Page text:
A two minute walk down the road and you will come to the Union Hotel. If you are looking for somewhere to have a drink that will have you believing you are in a saloon in the Wild West, this is it. You are advised to leave your pistols at the door and saddle up to the bar. Whether your style is more horse thief or cattle baron, soiled dove or proper lady, all are welcome! The 1880 Union Saloon has been serving customers of all kinds since the late 19th century, when stagecoach Charlie’s, buckaroos and sage hens alike would toast to another long, hard day.
Local Wells Fargo agent J.D. Snyder built the 1880 Union, a stagecoach home station complete with store and lodging. It burned down on February 16, 1893, but was rebuilt in 1915 by J.P. Loustalot as a hotel and saloon, and has operated as such since then. In 1972, then owner Dick Langdon restored the Union to its original condition, hiring an expert cabinetmaker to meticulously rebuild a replica of its 1880 façade.
Many famous celebrities have visited the landmark, including musicians Michael Jackson, Paul McCartney and Jon Bon Jovi who filmed videos there. More recently, actors Kurt Russell and his daughter Kate Hudson offered their wines for tasting from the saloon and Chef Jesse Brockman’s menu combines inventive local fare with fresh, seasonal ingredients coupled thoughtfully with craft beers, wines and cocktails.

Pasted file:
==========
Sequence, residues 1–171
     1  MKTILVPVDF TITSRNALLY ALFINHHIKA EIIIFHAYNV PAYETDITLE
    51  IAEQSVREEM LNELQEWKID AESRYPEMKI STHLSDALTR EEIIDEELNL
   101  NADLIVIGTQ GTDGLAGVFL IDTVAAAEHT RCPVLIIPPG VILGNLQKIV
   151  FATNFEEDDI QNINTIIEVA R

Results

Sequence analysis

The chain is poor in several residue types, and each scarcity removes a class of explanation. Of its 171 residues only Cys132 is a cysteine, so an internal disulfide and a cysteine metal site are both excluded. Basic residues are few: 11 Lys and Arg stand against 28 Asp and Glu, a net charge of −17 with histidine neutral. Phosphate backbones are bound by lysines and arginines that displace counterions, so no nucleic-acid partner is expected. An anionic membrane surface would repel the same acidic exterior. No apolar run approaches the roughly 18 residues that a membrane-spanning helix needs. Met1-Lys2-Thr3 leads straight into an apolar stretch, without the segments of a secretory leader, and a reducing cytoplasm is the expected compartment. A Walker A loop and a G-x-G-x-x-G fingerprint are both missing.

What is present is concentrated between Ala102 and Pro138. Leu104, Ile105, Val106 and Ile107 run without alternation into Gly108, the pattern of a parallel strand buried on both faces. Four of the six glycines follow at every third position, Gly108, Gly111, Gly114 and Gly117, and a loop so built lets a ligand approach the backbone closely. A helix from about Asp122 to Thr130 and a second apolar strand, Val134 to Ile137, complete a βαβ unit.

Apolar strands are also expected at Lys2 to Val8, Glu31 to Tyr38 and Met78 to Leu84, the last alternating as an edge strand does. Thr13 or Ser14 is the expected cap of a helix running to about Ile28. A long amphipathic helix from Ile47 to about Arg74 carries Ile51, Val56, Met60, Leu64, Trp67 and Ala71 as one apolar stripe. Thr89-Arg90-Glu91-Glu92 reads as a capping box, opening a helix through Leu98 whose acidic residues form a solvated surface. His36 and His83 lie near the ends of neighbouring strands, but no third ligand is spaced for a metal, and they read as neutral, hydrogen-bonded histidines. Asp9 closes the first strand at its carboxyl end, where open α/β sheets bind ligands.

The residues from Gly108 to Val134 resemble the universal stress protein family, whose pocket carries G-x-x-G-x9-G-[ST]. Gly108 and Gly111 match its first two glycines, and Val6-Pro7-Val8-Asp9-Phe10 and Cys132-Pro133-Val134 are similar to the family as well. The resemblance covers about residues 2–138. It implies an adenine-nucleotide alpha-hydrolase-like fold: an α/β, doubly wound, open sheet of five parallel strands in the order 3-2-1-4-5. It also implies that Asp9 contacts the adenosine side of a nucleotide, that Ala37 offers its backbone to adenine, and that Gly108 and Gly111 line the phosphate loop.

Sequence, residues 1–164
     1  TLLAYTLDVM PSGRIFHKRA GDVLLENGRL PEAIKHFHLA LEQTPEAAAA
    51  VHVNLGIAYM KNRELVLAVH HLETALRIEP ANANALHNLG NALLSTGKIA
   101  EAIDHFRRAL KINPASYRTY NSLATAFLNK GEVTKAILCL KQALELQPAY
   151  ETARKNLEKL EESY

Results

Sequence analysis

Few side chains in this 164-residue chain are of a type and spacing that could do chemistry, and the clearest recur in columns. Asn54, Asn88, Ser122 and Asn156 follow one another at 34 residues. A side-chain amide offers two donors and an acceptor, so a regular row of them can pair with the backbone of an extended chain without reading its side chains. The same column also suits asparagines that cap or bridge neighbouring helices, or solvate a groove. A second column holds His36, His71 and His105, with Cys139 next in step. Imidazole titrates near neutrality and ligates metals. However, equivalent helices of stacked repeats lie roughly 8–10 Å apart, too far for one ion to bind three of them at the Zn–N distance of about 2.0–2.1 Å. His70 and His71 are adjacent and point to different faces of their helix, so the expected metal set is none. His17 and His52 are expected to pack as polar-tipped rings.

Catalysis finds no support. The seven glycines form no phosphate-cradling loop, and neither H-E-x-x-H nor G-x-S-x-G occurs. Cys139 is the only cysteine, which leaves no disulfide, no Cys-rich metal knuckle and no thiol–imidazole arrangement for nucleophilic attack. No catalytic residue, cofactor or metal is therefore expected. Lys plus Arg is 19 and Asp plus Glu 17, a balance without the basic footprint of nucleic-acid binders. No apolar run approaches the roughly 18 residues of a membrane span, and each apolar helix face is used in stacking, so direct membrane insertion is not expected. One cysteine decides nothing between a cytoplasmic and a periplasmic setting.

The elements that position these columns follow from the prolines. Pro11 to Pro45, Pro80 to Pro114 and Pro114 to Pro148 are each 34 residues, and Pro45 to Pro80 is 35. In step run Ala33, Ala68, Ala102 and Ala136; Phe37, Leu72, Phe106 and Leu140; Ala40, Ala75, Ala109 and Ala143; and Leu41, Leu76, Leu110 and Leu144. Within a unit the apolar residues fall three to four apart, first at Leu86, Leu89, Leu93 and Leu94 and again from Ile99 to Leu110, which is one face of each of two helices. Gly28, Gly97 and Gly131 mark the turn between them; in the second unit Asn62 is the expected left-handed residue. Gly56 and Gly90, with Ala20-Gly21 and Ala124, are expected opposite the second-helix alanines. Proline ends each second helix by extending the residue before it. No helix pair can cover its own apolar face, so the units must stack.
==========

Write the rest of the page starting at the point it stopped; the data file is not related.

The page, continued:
We ordered a tri tip sandwich (steak sandwich) which was really delicious and super tender. I ordered my first cocktail for the trip a Fancy Pants – DELICIOUS!
Time is well and truly getting away from us, we still have a long way to go, lots of things to see and do, so after only one drink in this history steeped hotel, it’s time for us to hit the road again.
Oh, and after visiting the Antique Barn our one bag limit each isn’t looking too good.